5G, which promises blistering download speeds, is coming soon

Patrolling the congested halls of Barcelona's Mobile World Congress, you couldn't help but run into some sign of “5G,”  the full-throttle Internet aspirations for smartphone manufacturers, chipmakers, network operators, and government regulators.

But what precisely is 5G and when will it impact our everyday lives? The quick takeaway is that 5G, or the next generation of mobile technology, is all about blistering speeds on the smartphones in our pockets. But it’s also technology likely to have a broad bearing on society at large, touching everything from remote medicine to the Internet of Things.

“These are the kind of disruptions that happen once in a decade," says Hiroshi Lockheimer, senior vice president for Android, Chrome OS & Play at Google.

"Today no one ever questions why 4G should exist. Even if it’s just Gmail, or browsing the Web, you want to use 4G to do it. And I think that’s how it’s going to be with 5G. It’s faster, lower latency—why wouldn’t you want that?”

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When it arrives

Despite early trials such as Verizon's plan to launch 5G in 11 pilot U.S. markets mid-year, much of the infrastructure is still being built out, and the industry standards and technical specifications that ultimately define 5G have yet to be hammered out. Security must be baked in.

5G becomes real for the average person toward the end of the decade, or when the first devices start to roll out: fixed hotspots in the 2019 timeframe, smartphones a year later, says Glenn Laxdal, who heads networking products for Ericsson in North America.

Ericsson predicts that in North America about a third of the smartphone base, some 100 million subscribers, will be 5G-enabled by 2022. Globally, about 500 million subscribers will have 5G-capable smartphones.

The GMSA, the organization that puts on the annual mobile industry conference called Mobile World Congress, forecasts that commercial 5G networks  will provide coverage to a third of the world’s population by 2025. 5G connections are forecast to reach 1.1 billion by that year, or about one in eight mobile connections worldwide at that time.

But there will be pockets of 5G activity before then, some of it proving ground for the technology: Samsung and KT, for example, have long planned to make 5G available for the Winter Olympics next year in Pyeongchang, South Korea.

Which phones will use it

There’s already plenty of hype around handsets that can handle top speeds. At MWC, China’s ZTE bragged about having the world’s first Gigabit Phone. On close inspection, however, it’s not a product at all, but rather a prototype under glass, with no announcement of a launch date.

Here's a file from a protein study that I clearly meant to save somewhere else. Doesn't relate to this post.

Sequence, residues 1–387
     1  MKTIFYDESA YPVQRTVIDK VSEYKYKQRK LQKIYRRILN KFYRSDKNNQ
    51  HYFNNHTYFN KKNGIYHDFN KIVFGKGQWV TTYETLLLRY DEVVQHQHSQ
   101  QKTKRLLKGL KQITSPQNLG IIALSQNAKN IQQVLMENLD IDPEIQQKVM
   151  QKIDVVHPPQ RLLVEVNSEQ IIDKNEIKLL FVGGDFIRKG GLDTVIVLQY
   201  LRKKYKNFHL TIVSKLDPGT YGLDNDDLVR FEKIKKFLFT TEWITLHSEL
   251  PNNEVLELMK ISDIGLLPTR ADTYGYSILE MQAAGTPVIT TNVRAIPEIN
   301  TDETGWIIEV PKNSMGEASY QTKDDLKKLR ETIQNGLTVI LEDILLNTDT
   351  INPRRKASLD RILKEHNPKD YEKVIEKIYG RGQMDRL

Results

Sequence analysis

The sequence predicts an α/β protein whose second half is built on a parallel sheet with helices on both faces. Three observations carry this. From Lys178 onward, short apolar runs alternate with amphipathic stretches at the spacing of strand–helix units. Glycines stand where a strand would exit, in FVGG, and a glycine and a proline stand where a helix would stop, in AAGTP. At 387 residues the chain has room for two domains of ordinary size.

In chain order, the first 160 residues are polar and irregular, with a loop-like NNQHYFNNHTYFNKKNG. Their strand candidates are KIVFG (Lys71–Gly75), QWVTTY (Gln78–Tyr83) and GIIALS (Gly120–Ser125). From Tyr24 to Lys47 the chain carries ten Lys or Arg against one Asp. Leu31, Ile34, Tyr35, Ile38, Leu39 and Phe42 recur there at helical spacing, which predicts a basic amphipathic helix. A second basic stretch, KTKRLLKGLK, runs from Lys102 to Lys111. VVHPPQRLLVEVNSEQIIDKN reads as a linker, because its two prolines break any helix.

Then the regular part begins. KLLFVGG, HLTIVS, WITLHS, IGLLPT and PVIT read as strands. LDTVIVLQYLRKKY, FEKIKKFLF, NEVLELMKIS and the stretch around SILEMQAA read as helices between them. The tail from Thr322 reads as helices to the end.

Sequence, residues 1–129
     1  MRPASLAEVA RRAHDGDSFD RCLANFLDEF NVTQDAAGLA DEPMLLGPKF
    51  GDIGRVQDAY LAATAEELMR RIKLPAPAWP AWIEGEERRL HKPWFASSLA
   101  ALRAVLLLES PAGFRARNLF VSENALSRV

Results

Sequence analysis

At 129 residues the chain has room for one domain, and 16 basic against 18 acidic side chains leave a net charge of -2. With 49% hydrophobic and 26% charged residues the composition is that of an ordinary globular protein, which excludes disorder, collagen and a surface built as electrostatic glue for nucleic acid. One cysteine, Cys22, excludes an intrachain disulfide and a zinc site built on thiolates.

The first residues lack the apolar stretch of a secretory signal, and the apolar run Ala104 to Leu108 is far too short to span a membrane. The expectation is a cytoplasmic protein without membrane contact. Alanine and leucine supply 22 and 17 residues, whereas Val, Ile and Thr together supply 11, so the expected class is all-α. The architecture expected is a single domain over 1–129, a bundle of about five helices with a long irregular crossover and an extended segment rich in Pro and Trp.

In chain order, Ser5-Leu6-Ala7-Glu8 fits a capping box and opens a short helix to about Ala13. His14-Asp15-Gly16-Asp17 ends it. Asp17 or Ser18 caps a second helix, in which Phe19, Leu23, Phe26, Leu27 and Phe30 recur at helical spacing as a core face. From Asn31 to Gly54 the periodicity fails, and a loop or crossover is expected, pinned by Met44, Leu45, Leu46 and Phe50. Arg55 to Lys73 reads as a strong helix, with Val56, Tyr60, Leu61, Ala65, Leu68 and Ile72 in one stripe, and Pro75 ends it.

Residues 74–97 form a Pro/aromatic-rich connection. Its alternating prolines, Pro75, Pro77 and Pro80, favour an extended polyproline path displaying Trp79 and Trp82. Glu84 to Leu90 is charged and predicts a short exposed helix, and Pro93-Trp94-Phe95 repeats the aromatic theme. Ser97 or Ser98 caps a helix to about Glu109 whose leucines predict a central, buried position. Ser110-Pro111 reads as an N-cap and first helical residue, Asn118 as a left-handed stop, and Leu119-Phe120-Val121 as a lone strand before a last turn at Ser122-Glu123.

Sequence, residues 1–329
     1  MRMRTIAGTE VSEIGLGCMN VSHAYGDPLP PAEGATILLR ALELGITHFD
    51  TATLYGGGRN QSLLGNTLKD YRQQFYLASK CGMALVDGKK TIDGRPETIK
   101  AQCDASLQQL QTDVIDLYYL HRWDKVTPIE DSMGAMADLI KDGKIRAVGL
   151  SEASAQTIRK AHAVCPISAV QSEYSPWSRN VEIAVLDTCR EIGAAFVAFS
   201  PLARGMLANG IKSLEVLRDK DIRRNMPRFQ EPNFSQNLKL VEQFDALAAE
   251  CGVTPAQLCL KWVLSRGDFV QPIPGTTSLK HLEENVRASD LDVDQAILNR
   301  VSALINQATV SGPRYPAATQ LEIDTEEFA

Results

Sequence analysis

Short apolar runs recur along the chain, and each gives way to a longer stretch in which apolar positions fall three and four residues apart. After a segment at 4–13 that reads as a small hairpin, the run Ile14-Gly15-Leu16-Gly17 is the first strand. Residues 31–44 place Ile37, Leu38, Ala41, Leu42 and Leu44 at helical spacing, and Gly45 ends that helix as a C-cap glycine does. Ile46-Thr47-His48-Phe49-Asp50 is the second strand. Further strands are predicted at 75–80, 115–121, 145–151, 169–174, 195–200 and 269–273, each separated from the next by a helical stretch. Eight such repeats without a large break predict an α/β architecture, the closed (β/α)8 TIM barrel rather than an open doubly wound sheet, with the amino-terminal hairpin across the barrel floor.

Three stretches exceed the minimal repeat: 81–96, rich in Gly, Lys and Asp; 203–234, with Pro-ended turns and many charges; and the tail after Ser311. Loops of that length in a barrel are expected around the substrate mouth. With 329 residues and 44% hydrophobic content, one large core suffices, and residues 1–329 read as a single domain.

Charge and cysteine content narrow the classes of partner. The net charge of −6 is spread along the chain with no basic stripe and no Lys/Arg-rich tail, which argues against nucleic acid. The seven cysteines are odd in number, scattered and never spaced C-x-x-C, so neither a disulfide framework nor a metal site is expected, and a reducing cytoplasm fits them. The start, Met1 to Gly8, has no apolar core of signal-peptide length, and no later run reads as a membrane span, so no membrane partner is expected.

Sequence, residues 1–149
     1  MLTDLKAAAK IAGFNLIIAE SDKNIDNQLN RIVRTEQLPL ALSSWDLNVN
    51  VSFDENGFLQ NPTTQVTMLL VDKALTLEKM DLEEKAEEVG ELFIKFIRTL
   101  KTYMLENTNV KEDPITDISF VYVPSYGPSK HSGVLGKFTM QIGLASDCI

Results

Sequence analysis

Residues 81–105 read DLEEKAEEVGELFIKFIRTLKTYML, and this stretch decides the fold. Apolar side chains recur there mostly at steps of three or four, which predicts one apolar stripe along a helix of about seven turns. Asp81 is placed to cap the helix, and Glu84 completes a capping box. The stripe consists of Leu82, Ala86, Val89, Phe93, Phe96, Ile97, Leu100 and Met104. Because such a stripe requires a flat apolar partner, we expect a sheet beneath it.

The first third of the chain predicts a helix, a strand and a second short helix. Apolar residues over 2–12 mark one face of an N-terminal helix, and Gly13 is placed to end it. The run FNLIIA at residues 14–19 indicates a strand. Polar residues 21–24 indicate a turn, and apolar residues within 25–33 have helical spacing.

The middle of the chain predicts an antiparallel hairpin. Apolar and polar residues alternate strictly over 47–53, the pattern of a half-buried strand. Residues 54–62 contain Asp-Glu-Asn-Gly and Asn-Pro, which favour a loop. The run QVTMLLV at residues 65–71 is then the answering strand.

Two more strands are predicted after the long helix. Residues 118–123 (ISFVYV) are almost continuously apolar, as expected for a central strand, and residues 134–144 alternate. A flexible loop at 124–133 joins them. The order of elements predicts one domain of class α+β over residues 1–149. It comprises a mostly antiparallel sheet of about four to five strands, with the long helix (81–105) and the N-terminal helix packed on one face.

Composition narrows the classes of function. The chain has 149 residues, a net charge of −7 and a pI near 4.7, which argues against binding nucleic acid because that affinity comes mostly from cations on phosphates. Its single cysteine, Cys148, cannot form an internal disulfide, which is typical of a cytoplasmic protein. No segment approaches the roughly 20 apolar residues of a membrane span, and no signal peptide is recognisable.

Aymar de Lencquesaing, president of Motorola Mobility, now part of Lenovo, says, “I’ll go out on a limb; we will be first to market with 5G.”  He is speaking specifically of phones coming later this year that will support 1-gigabit per second data speeds.

“Major technology like this takes some time to roll out and the hype always gets ahead of reality,” maintains Ken Hyers, director of emerging device strategies at Strategy Analytics.

The general consensus is that 5G speeds will be at least 1 Gbps, with a latency of less than 10ms.  “It’s like having a fiber optic connection in your pocket anywhere you go,” says Mark Louison, senior vice president and general manager of the networks division at Samsung Electronics.

5G starts with routers

At MWC, Samsung announced a family of commercial 5G products to be available by the end of this year. It consists of a cloud-based 5G core network, and radio base stations and home network router.

For its part, Qualcomm announced that its new commercial 5G-based modems will be coming in 2019. Indeed, the first 5G products will be “fixed” wireless solutions, rather than mobile.

The discussion of 5G can get rather muddy. In Barcelona, geeky industry jargon was thrown about—terms such as MIMO and millimeter wave. Adding to the confusion: A top Huawei executive like Yu Chengdong, talked about “4.5G” speeds.

“Whenever you have these new generations there’s always a race…and so marketing sometimes gets a little bit obscure,” says Matt Branda, the director of technical marketing for cellular technologies at Qualcomm.

Of course, “when you get to a 5G world it’s not like 5G’s going to be everywhere day one.” And that means we’ll continue to rely on 4G LTE, Branda says.

What it will mean

What pretty much everyone agrees on is that this next generation of wireless, when it finally does arrive, will have a broad impact  beyond fast phones — from self-driving cars to remote surgery.

“5G is the enabler of what I would call the connected society that today’s current technology wasn’t engineered to handle,” John Stankey, CEO of the AT&T Entertainment Group.

Laxdal of Ericsson places 5G into three broad categories. The first is what he calls “critical” machine tech communications, where you’re remotely controlling something that needs to be precisely and securely managed over the air. This could be remote control surgery, remote control mining, self-driving vehicles.

A second category is for practically every other connected machine or thing: wind turbines, jet engines, connected water, connected vineyards.

And the third is mobile broadband. Indeed, all the experts expect apps to emerge that will exploit the increased broadband on your phone, for business use and for play. Think augmented reality, virtual reality, game and entertainment.

“As the Internet gets better it’s good for Internet TV which is good for Netflix,” says Todd Yellin, vice president for product innovation at Netflix.

(© 2017 USA TODAY)


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